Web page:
Penury threatens Palestinian Authority

The Palestinian Authority is facing crippling financial hardships since foreign donors have not kept promises of donations.

    The Palestinian Authority has been unable to pay salaries

    Finance Minister Salam Fayyad on Tuesday said the Palestinians had so far got only $25 million of the $660 million pledged for the whole year and it had been impossible to present the annual budget as a result of the delay.

    "I do not expect it to continue, but until it improves materially and significantly, our ability to meet obligations will continue to be severely tested," Fayyad said.

    "In the last four months our situation was difficult. We could not pay salaries to employees. Even paying salaries has become a real challenge for us," he said.

    The minister said the only money the aid-dependent Palestinian Authority had received so far this year was $20 million from the US and $5 million from Belgium.

    The Palestinian economy collapsed during the past four years of fighting with Israel.

    Prospects brighten

    But prospects for the economy have brightened alongside those for peace since Mahmud Abbas, a former businessman who opposes violent struggle, succeeded Yasir Arafat as Palestinian president.  

    "In the last four months our situation was difficult. We could not pay salaries to employees"

    Salam Fayyad
    Palestinian finance minister

    Last month, US congressional aides said President George Bush was considering a proposal to boost US aid to Palestinians this year by $200 million to help Abbas prepare for Israel's planned Gaza withdrawal.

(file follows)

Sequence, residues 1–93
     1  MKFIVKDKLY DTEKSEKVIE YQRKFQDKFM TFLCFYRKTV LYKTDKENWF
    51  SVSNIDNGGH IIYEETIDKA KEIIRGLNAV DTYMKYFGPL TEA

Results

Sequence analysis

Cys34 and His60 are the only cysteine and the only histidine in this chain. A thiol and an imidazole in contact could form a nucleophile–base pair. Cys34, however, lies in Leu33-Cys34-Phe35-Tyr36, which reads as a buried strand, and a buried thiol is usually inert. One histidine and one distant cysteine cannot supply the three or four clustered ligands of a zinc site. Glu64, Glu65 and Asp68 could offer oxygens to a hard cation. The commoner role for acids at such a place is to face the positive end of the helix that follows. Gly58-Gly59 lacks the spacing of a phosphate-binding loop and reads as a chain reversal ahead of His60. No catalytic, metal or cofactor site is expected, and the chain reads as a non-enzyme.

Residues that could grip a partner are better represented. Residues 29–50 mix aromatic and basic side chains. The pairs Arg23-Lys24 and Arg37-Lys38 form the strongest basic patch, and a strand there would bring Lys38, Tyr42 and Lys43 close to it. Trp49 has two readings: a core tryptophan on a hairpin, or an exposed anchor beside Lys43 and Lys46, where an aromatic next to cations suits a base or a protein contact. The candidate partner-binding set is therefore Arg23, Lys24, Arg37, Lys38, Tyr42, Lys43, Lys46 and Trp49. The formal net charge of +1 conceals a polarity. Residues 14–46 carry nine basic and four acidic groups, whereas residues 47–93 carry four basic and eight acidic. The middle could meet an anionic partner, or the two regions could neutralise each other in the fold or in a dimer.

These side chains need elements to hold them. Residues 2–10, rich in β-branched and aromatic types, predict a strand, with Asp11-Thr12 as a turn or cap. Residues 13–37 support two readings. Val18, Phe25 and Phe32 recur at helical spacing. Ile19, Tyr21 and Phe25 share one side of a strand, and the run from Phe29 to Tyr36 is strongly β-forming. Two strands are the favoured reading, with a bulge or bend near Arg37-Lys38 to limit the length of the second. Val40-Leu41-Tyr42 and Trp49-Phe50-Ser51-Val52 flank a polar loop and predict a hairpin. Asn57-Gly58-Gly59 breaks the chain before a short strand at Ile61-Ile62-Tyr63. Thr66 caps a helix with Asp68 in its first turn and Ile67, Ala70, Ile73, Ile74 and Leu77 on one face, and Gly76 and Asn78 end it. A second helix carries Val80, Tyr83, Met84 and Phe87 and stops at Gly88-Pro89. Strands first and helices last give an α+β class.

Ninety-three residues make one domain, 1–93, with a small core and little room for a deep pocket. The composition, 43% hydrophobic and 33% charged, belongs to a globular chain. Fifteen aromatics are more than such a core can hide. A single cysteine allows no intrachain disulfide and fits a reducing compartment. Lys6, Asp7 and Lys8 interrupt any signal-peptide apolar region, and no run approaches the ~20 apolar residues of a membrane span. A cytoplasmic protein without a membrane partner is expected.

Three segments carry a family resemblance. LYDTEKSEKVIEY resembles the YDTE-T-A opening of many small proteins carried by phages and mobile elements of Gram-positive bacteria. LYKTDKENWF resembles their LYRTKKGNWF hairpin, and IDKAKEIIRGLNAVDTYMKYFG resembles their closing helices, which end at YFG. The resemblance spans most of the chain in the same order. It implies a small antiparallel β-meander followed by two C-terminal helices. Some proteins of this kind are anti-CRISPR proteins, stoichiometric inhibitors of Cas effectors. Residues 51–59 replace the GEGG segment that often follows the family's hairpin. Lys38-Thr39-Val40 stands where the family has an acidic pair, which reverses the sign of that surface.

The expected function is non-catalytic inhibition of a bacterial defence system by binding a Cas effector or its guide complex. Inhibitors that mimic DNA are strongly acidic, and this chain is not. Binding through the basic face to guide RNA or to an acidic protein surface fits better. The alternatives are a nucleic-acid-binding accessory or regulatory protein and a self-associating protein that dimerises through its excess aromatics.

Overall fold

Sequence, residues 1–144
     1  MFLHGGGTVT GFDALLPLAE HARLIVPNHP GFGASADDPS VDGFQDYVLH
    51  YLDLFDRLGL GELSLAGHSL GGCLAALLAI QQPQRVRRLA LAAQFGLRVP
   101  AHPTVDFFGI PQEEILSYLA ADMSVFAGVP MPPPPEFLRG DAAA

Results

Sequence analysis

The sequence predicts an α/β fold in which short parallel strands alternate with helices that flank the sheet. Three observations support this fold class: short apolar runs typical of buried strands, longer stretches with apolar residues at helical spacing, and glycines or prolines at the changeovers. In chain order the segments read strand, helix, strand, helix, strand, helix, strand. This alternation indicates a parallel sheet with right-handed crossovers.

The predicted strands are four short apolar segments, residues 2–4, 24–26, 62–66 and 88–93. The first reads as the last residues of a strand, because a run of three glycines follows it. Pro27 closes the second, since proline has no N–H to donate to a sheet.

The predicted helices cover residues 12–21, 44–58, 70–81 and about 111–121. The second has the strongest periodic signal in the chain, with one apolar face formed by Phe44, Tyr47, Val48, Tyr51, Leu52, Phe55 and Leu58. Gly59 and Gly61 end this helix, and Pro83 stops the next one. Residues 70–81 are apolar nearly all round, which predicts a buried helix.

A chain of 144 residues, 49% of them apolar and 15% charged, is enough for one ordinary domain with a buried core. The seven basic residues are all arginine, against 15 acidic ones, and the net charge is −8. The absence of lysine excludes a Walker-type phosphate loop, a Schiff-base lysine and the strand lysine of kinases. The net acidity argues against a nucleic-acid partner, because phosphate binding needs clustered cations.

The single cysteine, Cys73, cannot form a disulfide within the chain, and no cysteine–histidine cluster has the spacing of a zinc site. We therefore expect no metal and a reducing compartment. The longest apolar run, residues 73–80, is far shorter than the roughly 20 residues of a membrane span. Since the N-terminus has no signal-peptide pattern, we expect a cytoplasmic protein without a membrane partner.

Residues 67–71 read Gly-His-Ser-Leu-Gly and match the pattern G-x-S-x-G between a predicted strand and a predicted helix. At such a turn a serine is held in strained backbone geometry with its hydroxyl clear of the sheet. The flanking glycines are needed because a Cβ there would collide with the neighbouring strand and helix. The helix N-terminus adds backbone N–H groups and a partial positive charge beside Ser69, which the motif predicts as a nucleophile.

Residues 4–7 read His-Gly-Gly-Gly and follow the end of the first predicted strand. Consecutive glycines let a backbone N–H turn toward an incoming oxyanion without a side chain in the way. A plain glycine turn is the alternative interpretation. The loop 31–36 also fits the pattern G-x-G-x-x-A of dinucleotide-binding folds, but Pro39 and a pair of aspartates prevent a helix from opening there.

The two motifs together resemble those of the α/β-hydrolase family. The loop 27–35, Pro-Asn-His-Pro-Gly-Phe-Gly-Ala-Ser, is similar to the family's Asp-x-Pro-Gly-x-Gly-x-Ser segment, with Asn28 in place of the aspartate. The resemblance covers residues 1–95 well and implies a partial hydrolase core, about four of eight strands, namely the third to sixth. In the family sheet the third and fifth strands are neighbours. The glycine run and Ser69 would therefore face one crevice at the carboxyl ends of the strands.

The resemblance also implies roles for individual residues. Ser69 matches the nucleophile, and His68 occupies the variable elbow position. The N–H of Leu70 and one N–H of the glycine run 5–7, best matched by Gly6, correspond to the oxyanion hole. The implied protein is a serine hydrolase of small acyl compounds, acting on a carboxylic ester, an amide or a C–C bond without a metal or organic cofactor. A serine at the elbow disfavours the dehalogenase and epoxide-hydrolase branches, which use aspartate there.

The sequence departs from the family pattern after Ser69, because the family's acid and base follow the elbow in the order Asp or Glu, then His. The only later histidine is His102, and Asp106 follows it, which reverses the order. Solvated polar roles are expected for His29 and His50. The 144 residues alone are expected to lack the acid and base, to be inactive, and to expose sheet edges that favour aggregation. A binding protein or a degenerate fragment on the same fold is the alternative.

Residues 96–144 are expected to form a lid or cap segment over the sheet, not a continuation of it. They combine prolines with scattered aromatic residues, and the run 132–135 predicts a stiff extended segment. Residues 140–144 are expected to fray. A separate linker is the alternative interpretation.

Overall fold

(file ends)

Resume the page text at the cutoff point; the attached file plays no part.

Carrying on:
Palestinians estimate aid requirements at up to $1.4 billion, and the World Bank has said donors could give that much if conditions of reform and ending violence were met.
    Fayyad, tipped to keep his job when a new cabinet is announced in coming weeks, is credited with making a start on financial reform and says annual internal revenues have risen to $70 million from $45 million since 2002 when he took office.
    The finance chief said Israel should remove checkpoints in the occupied West Bank that strangle the Palestinian economy. Israel says the roadblocks stop bombers, but Palestinians call them collective punishment.
    "This is a basic need. What's the point having money if you cannot move?" Fayyad said.
    Between 1999 and 2003, Palestinian annual per capita income is estimated to have dropped by about one third to a little over $1,100. In the same period, unemployment rates rose from 10% to 26 %, according to the World Bank.

    SOURCE: Agencies


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